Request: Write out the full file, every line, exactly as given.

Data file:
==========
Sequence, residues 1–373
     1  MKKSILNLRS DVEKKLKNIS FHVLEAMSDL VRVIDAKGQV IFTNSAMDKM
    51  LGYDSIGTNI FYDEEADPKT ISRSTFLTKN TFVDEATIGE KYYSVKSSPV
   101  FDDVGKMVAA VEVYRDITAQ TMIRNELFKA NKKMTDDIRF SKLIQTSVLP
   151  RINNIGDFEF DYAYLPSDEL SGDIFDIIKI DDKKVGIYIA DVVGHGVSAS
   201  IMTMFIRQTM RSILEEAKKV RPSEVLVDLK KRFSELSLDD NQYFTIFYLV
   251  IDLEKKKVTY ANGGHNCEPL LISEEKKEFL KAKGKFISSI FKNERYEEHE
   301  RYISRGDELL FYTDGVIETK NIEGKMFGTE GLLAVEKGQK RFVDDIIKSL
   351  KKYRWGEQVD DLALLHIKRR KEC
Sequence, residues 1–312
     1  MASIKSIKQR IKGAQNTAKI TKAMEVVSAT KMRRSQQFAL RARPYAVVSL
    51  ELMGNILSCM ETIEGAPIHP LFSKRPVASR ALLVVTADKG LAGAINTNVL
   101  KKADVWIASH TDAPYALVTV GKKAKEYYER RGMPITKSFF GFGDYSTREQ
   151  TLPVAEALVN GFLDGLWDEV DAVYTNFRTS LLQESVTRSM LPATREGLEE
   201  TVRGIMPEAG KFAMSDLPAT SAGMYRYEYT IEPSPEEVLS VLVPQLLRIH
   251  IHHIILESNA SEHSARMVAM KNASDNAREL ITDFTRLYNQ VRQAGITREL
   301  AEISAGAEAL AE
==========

Sequence, residues 1–373
     1  MKKSILNLRS DVEKKLKNIS FHVLEAMSDL VRVIDAKGQV IFTNSAMDKM
    51  LGYDSIGTNI FYDEEADPKT ISRSTFLTKN TFVDEATIGE KYYSVKSSPV
   101  FDDVGKMVAA VEVYRDITAQ TMIRNELFKA NKKMTDDIRF SKLIQTSVLP
   151  RINNIGDFEF DYAYLPSDEL SGDIFDIIKI DDKKVGIYIA DVVGHGVSAS
   201  IMTMFIRQTM RSILEEAKKV RPSEVLVDLK KRFSELSLDD NQYFTIFYLV
   251  IDLEKKKVTY ANGGHNCEPL LISEEKKEFL KAKGKFISSI FKNERYEEHE
   301  RYISRGDELL FYTDGVIETK NIEGKMFGTE GLLAVEKGQK RFVDDIIKSL
   351  KKYRWGEQVD DLALLHIKRR KEC
Sequence, residues 1–312
     1  MASIKSIKQR IKGAQNTAKI TKAMEVVSAT KMRRSQQFAL RARPYAVVSL
    51  ELMGNILSCM ETIEGAPIHP LFSKRPVASR ALLVVTADKG LAGAINTNVL
   101  KKADVWIASH TDAPYALVTV GKKAKEYYER RGMPITKSFF GFGDYSTREQ
   151  TLPVAEALVN GFLDGLWDEV DAVYTNFRTS LLQESVTRSM LPATREGLEE
   201  TVRGIMPEAG KFAMSDLPAT SAGMYRYEYT IEPSPEEVLS VLVPQLLRIH
   251  IHHIILESNA SEHSARMVAM KNASDNAREL ITDFTRLYNQ VRQAGITREL
   301  AEISAGAEAL AE